Cadillac confirms Blackwings will get manual transmissions and 3D-printed parts

Cadillac’s upcoming 2022 CT4-V and CT5-V Blackwing will be the first GM production cars to utilize 3D-printed technology. In fact, the technology will be featured front and center on one of the cars’ most hotly anticipated features — in a decorative medallion atop the shift knob of the manual transmission.

Cadillac says that “additive manufacturing” (named as such because 3D printing accumulates tiny deposits of material to create the object) made the manual transmissions possible by reducing costs and waste. Aside from the medallion, the cars will employ two 3D-printed two HVAC ducts and an electrical harness bracket.

“[The manual transmission is] something we know V-Series buyers want and it’s something we knew we had to have, so we used innovative processes to make it happen,” said Cadillac performance variant manager Mirza Grebovic.

Speaking of which, Cadillac commissioned a Harris Poll survey about manual transmissions and received some interesting results. For example, 66 percent of American adults surveyed know how to drive manual, and 55 percent said they’ve owned a standard shift car. Of those who don’t, roughly 40 percent are either somewhat or very interested in learning. Interest is highest among two key demographics, 64 percent of those earning $75,000 or more in annual household income, and 62 percent of those ages 18-34.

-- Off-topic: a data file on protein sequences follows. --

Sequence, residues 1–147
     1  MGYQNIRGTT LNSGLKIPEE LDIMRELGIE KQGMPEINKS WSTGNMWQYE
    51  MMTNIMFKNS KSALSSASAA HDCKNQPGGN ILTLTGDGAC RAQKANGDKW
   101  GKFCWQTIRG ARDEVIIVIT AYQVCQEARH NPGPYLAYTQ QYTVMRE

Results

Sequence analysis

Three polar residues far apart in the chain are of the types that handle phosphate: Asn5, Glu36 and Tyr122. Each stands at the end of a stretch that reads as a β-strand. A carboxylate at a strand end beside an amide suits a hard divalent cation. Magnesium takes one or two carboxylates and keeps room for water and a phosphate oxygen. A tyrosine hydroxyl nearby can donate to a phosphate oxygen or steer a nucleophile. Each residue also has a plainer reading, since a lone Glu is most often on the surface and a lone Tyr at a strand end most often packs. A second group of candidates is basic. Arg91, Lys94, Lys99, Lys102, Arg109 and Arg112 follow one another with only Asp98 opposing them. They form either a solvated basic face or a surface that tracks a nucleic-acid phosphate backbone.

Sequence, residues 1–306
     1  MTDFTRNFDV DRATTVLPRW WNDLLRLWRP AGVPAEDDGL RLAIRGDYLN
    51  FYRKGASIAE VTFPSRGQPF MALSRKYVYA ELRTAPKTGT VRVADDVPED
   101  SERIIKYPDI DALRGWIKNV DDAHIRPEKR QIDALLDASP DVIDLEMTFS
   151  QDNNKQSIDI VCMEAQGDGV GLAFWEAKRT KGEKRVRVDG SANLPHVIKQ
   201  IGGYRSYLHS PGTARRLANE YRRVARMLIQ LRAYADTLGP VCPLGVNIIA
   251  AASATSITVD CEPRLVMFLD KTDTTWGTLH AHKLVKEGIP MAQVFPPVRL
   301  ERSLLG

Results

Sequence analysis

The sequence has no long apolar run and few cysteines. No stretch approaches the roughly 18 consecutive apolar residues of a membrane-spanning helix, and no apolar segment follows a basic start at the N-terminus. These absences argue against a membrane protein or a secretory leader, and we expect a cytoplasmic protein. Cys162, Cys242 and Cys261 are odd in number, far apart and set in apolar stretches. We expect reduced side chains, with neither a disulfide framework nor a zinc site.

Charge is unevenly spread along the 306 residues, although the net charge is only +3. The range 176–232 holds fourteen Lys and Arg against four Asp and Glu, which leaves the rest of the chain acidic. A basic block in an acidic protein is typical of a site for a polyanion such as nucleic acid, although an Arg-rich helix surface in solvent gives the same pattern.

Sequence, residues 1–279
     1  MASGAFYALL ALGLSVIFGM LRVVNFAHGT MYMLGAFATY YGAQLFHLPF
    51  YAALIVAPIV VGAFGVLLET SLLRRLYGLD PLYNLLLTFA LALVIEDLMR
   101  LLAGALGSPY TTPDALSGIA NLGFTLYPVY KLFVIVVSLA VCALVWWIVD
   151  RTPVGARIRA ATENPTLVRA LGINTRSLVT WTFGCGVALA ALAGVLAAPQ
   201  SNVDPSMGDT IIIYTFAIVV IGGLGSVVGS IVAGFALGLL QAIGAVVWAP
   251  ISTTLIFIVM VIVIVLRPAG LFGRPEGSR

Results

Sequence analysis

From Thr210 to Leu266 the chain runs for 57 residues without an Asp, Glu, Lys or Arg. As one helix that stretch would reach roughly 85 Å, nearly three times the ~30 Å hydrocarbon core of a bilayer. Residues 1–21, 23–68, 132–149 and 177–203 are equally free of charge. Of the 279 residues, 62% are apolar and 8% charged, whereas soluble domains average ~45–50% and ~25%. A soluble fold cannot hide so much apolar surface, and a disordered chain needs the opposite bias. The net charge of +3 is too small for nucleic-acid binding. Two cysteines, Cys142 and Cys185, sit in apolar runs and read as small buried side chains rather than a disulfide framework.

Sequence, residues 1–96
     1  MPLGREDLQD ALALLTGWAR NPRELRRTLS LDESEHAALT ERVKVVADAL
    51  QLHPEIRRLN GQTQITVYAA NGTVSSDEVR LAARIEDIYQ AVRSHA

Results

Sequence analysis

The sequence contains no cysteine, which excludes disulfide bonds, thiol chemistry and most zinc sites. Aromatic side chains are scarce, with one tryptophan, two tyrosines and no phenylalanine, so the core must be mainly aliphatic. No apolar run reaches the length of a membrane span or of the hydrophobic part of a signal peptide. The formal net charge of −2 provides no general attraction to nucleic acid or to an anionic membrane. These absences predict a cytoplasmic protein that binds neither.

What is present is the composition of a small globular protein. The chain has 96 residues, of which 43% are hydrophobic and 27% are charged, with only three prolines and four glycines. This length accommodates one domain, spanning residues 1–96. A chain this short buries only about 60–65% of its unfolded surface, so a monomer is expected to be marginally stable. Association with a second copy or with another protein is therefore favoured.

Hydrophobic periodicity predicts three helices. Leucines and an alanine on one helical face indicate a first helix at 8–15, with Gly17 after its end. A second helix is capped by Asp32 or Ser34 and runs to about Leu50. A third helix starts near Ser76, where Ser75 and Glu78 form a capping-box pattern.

The findings seem to contradict what many automakers have said about lack of interest in manuals, with some declaring a sub-1 percent take rate when manuals are offered. Perhaps with a performance-oriented car such as the V-series, buyer preferences change.

The mix of old school gearboxes and new school manufacturing techniques will result in what looks like a very potent car on paper. The CT5-V Blackwing is rumored to be powered by an updated 6.2-litter V8, while the CTS-4 Blackwing is said to be motivated by a turbo six. Neither will use the twin-turbo 4.2-liter V8 of their namesake, but they should prove to be worthy successors to the CTS-V and ATS-V.

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